In a WSJ essay, Peter Thiel expands on what he said in his recent AMA, that “capitalism and competition are opposites.” Thiel, who approves of monopolies, doesn’t believe they only benefit individual businesses but broader society as well, as they have the capital to care about workers and ethics and the environment. I disagree, but I’ll acknowledge that we’ve all certainly benefited from Bell Labs, the moonshot division of a government-backed monopoly. An excerpt:
“To an economist, every monopoly looks the same, whether it deviously eliminates rivals, secures a license from the state or innovates its way to the top. I’m not interested in illegal bullies or government favorites: By ‘monopoly,’ I mean the kind of company that is so good at what it does that no other firm can offer a close substitute. Google is a good example of a company that went from 0 to 1: It hasn’t competed in search since the early 2000s, when it definitively distanced itself from Microsoft and Yahoo!
Americans mythologize competition and credit it with saving us from socialist bread lines. Actually, capitalism and competition are opposites. Capitalism is premised on the accumulation of capital, but under perfect competition, all profits get competed away. The lesson for entrepreneurs is clear: If you want to create and capture lasting value, don’t build an undifferentiated commodity business.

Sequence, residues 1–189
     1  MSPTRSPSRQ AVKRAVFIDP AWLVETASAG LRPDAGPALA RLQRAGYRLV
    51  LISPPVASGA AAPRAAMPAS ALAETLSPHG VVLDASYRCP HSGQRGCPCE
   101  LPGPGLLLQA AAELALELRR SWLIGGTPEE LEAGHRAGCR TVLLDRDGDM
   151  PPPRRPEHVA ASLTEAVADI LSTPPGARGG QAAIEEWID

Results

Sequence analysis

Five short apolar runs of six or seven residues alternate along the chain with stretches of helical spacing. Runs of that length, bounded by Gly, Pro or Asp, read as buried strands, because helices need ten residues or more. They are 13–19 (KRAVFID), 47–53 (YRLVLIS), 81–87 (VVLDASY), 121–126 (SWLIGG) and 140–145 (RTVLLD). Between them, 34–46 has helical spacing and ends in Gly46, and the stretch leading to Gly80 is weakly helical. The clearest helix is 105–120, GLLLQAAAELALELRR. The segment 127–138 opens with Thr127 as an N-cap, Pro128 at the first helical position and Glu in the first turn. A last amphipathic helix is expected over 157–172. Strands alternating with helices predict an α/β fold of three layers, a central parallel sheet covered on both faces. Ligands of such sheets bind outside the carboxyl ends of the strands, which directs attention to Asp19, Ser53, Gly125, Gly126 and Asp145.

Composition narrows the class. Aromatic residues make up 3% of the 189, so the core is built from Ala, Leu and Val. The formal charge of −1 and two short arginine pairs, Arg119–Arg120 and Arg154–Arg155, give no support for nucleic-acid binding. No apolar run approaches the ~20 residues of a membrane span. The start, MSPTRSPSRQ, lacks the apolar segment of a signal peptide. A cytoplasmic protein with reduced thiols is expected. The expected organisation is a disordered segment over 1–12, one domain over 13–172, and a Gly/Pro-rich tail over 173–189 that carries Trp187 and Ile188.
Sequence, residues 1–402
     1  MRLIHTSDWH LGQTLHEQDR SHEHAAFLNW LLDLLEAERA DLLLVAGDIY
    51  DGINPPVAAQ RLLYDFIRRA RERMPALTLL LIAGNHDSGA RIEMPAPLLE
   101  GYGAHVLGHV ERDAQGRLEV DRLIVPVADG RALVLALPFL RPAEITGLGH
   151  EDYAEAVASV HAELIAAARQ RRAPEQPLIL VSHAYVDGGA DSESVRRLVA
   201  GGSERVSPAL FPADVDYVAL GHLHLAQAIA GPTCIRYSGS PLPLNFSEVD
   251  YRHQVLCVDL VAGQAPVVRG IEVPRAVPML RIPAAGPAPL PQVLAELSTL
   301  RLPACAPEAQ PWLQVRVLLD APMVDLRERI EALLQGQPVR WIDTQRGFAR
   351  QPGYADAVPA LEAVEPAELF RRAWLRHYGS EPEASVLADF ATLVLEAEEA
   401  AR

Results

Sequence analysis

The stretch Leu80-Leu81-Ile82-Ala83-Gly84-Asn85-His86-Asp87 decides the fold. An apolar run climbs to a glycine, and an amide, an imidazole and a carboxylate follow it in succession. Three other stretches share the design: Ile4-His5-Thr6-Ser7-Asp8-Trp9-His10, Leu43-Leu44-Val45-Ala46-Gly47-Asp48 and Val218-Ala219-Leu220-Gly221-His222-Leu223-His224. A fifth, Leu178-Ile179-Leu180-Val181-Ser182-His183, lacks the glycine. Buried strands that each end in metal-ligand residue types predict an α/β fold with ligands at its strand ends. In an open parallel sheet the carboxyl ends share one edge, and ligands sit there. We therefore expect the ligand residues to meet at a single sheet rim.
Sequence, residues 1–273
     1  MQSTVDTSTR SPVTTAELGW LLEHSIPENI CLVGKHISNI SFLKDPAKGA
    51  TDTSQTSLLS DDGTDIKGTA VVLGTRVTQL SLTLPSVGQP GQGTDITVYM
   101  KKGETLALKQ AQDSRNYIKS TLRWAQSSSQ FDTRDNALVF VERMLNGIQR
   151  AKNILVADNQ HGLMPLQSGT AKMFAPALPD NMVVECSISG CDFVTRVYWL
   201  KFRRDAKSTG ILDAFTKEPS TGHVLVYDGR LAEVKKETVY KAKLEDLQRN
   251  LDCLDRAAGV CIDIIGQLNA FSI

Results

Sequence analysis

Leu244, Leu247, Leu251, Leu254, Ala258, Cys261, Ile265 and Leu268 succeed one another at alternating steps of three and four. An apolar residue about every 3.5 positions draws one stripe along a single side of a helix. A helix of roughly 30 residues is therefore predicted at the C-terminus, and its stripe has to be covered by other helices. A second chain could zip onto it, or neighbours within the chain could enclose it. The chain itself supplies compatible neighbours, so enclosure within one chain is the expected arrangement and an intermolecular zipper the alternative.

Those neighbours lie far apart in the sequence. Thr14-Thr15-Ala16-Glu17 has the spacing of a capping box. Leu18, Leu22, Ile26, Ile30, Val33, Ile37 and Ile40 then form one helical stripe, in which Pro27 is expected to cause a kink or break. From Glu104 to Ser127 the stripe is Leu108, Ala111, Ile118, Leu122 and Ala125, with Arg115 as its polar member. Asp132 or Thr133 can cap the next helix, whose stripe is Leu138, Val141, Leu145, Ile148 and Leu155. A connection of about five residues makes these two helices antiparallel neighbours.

How much of the world is actually monopolistic? How much is truly competitive? It is hard to say because our common conversation about these matters is so confused. To the outside observer, all businesses can seem reasonably alike, so it is easy to perceive only small differences between them. But the reality is much more binary than that. There is an enormous difference between perfect competition and monopoly, and most businesses are much closer to one extreme than we commonly realize.
The confusion comes from a universal bias for describing market conditions in self-serving ways: Both monopolists and competitors are incentivized to bend the truth.”